Upgrade containers to a new version of the Windows operating system
Applies to: Windows Server 2022, Windows Server 2019, Windows Server 2016
This topic describes how to upgrade Windows containers to a new Windows or Windows Server operating system version. There are two steps for upgrading containers:
- Upgrade the container host to the new operating system version.
- Create new container instances using the new operating system version.
If you just need to update (or patch) your current Windows base OS container image, see update your containers to pull the latest patch image for your containers.
Upgrade the container host
To upgrade the container host to a newer Windows or Windows Server version, you can either perform an in-place upgrade or a clean installation. Since the container host and the Windows containers share a single kernel, you should make sure the container's base image OS version matches that of the host. However, you can still have a newer version of the container host with an older base image with Hyper-V isolation. In Windows Server 2022, you can implement this scenario with process isolation (in preview).
Create new container instances using the new OS version
To create the new container instances, you need to:
- Pull the container base image
- Edit the Dockerfile to point to the new base image
- Build and run the new app image
- Tag and push the image to your registry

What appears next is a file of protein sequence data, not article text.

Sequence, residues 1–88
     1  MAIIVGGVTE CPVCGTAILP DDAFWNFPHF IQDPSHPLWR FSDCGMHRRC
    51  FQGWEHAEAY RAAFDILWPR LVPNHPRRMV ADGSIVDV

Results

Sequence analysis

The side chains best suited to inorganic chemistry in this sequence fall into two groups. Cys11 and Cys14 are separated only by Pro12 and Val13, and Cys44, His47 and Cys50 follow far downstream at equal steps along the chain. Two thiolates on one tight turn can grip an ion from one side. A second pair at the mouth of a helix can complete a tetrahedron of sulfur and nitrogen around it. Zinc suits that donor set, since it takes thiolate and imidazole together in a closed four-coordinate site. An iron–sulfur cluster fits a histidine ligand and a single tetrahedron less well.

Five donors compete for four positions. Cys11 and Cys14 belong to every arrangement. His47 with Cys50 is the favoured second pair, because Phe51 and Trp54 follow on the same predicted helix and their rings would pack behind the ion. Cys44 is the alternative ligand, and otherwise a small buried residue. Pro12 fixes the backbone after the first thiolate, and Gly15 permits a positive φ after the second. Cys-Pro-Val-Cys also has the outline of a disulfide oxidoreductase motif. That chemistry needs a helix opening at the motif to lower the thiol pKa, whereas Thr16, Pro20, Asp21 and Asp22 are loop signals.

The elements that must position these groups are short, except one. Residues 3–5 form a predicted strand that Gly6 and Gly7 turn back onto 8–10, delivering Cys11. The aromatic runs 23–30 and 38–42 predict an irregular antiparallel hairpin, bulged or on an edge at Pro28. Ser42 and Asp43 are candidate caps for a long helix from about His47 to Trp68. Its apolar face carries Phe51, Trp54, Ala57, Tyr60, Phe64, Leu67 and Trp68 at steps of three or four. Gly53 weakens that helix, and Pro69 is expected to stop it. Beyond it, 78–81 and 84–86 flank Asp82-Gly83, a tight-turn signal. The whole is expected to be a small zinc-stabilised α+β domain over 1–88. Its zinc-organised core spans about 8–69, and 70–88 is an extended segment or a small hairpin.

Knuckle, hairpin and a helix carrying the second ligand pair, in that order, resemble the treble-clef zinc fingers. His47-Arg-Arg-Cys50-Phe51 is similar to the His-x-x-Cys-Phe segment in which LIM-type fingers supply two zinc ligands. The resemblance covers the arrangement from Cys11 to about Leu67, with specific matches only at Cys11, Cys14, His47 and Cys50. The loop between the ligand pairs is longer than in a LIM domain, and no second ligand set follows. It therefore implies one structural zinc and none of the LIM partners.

Pull the container base image
After you have pulled the new Windows OS version on the container host, follow the steps below to upgrade the base image:
Select the container base image you want to upgrade to.
Open a PowerShell session as an administrator and, depending on the OS version you chose, run the docker pull command to pull an image:
PS C:\> docker pull mcr.microsoft.com/windows/servercore:ltsc2022
This example pulls the Server Core version 20H2 base image.
When the image is finished downloading, you can verify that the new image has been pulled by running the docker images command to return a list of pulled images:
Edit the Dockerfile to point to the new base image
Next, you want to create and start new container instances using the new base image you pulled. To automate this process, edit the Dockerfile to redirect it to the new image.
Open the Dockerfile in a text editor and make the updates. In the following example, the Dockerfile is updated to Server Core 20H2 with the IIS application.
FROM mcr.microsoft.com/windows/servercore/iis:windowsservercore-ltsc2022 AS build-env WORKDIR /app COPY *.csproj ./ RUN PowerShell Install-WindowsFeature NET-Framework-45-ASPNET FROM mcr.microsoft.com/windows/servercore/iis:windowsservercore-ltsc2022 WORKDIR /app COPY --from=build-env /app/out . ENTRYPOINT ["ServiceMonitor.exe", "w3svc"]
Build and run the new app image
Once the Dockerfile is updated, you need to build and run the app image.
Use docker build to build your image as shown below:
docker build -t iss .
To run the newly built container, run the docker run command:
docker run -d -p 8080:80 --name iss-app iss
Tag and push the image to your registry
To allow other hosts to reuse the new image, you should tag and then push the container image to your registry.
Use docker tag to tag the image as follows:
docker tag mcr.microsoft.com/windows/servercore/iis:windowsservercore-ltsc2022 <login-server>/iss
Use docker push to push the image to the container registry as follows:
docker push <login-server> iss
Upgrade containers using an orchestrator
You can also redeploy your Windows containers using an orchestrator, such as Azure Kubernetes Service and AKS on Azure Stack HCI. The orchestrator provides powerful automation for doing this at scale. For details, see Tutorial: Update an application in Azure Kubernetes Service or Tutorial: Update an application in Azure Kubernetes Service on Azure Stack HCI.